Our stay in Shenzhen, on this particular work trip, was very brief. Literally sleep, breakfast, an hour of dvd shopping and then a taxi to the airport. Yiwu, here we come! For those of you that don’t know, Yiwu is located 300 km from Shanghai and is the largest market of petty commodity wholesalers in the world.
The four days we spent here consisted of 9 hours of walking the congested corridors of the sprawling Yiwu International Trade City, comprising of four interconnected buildings. Each four-level building is about a kilometre long and contains thousands of wholesale merchants selling things from jewellery to stationary to picture frames.
It’s exhausting stuff and requires a lot of stamina and patience so it was no wonder Miss B and I had dinner at the hotel buffet every night. There were no restaurants around the hotel other than a KFC down the road and we were too exhausted to go searching for food.
Breakfast was just breakfast: Western options like cereal and eggs and Asian options like congee and preserved eggs. This is where I tried my first preserved egg. The strong flavour and smell of the black yolk was not for me, and for those that don’t know, it’s a bit like sulphur and ammonia. Truly an acquired taste.
At dinner the buffet was quite an impressive mix of Chinese, Japanese and some Western. All you can eat and all the local beer you can drink for 118RMB. Nice one. Sadly I was asked to stop taking photos of the individual dishes on the buffet so all I can show is what I plated up for myself. Nevermind!
Each night the food options changed a little so there was always something different to try. One of my favourites came from the grill – skewered marinated meats that are cooked to order. The mutton skewers were tender and strong in cumin and the chicken ones were a nice mix of meat and crunchy cartilage. Juicy and chilli-hot. The delicious slow cooked duck (bottom left) was quite popular with diners as it was constantly replenished and the fried chicken neck in chilli (top right) went down well with me; happily munching the small amount of meat on the fiddly bones.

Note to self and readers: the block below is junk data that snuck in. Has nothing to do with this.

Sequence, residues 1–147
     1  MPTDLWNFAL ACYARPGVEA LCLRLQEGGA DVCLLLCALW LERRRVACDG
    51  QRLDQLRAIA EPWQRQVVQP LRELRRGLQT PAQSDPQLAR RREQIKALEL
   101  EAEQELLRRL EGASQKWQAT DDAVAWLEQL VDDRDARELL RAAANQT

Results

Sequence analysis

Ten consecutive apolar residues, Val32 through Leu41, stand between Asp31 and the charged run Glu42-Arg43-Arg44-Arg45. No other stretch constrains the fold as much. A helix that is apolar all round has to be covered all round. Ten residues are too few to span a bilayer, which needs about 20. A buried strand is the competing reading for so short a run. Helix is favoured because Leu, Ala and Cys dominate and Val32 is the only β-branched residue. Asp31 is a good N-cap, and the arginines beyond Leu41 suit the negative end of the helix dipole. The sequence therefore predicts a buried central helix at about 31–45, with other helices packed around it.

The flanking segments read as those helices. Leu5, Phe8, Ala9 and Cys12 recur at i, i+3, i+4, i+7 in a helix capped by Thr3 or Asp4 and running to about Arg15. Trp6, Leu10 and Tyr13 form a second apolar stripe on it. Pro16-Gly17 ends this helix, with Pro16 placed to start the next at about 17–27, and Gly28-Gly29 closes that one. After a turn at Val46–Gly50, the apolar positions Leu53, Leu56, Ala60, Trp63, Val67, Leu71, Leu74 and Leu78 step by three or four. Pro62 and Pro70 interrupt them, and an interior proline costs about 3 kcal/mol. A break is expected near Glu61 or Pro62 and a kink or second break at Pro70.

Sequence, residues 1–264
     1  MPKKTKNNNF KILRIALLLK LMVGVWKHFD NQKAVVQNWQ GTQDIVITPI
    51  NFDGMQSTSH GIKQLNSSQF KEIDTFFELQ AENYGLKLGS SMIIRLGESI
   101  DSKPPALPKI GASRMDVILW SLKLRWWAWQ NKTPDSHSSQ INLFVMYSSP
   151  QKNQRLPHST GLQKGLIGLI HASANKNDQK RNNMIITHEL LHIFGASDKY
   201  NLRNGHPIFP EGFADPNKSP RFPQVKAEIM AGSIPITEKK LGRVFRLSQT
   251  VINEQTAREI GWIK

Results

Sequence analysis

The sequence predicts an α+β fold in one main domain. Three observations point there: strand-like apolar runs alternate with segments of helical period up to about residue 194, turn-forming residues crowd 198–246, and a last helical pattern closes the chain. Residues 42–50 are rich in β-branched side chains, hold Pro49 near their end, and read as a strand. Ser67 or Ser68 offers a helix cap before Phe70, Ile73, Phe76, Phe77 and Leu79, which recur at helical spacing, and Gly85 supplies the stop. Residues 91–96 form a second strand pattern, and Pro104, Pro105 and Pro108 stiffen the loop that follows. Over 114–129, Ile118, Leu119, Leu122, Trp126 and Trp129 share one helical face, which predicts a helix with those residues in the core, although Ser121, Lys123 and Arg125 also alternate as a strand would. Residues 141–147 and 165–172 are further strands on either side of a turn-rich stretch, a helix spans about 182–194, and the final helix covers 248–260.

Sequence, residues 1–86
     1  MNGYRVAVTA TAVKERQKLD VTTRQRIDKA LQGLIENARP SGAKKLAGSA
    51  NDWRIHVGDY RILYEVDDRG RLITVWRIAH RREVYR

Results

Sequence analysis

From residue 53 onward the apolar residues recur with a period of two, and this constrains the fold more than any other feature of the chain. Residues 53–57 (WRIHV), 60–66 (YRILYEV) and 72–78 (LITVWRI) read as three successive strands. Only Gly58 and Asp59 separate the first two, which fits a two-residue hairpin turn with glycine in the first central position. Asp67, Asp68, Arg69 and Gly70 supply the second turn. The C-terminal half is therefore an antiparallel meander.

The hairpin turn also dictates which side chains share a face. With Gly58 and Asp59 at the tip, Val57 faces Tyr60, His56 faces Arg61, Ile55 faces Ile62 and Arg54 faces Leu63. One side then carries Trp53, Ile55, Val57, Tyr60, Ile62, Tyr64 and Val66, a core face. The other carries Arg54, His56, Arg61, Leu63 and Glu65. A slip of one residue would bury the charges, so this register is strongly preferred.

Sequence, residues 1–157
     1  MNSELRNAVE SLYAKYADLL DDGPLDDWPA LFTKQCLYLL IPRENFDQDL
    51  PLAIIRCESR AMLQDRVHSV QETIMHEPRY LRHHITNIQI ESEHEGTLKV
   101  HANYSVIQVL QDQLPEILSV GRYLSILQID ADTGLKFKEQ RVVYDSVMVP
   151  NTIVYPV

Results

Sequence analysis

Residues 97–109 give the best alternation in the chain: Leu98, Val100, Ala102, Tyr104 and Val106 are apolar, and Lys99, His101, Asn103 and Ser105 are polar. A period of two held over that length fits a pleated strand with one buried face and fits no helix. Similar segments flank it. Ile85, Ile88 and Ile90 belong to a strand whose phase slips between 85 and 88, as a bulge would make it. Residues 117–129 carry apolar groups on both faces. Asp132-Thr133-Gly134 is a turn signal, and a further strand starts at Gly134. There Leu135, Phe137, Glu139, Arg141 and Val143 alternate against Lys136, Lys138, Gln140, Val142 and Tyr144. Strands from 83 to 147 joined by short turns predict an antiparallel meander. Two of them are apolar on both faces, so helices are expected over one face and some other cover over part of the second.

I instantly fell in love with the sweet lotus (top left) that was nestled in amongst the salad bar. The soft flesh of the lotus was soaked with the most delicious and sweet syrup flavoured with cinnamon. A plate of sliced cooked goose liver and cucumber was calling out to be tried as did the tasty pork cubes cooked with chopped cucumber and peanuts. Very nice.
Fresh seafood was also on offer, sitting on beds of crushed ice, for us to choose and have cooked by the grill chef. Prawns, yabbies, scallops, fish, octopus, just about anything. I quite liked the sweet yabbies grilled in chilli oil.
One night we had fried crab and year cake and an unusual blood sausage and egg cake. The latter being more like a frittata or quiche. I think I was the only person in the restaurant eating this as nobody else touched it all night. Oh well, more for me.
I really like the hot and sour taro – small bundles of taro noodles artfully tied into an intricate knot, cooked and cooled and dressed in vinegar, chilli and a bit of sugar. And I couldn’t help but try the pork ear jelly – boiled pigs ears layered in a terrine and left to set. It didn’t rate high with me as there was little flavour and I was put-off by the crunch of the cartilage. Another one for the acquired palate.
On one side of the buffet was a cluster of small bamboo steamers filled with various buns and dumplings and sticky black rice. Next to them were these un-named spring roll-looking things. I thought they were savoury until I crunched through the web of thin pastry and got a taste of the soft and spongy purple cake-like pastry. It was heavenly-sweet and tasted of uncooked vanilla cake batter with a small splodge of syrupy condensed milk in the centre. Absolutely divine. If anyone recognizes them please let me know what they are!
When it came to the dessert buffet I thought the selection was pretty ordinary and uninspiring. There were many fluffy sponge cakes smothered inside and out with dreadful mock cream, bad tiramisu and fruit danishes. A couple of peculiar things I noticed was that most of the desserts were garnished with curly parsley and one of the cakes was called “Cake Shop System.” In fact I noticed a lot of humorous “Chinglish” signage in the hotel such as the “Slippy” sign in my shower, in the hotel compendium and a rather oddly-named deserted restaurant near the hotel.
The hotel buffet wasn’t all we ate in Yiwu so keep posted for more on the food at Trade City and even some delicious street food.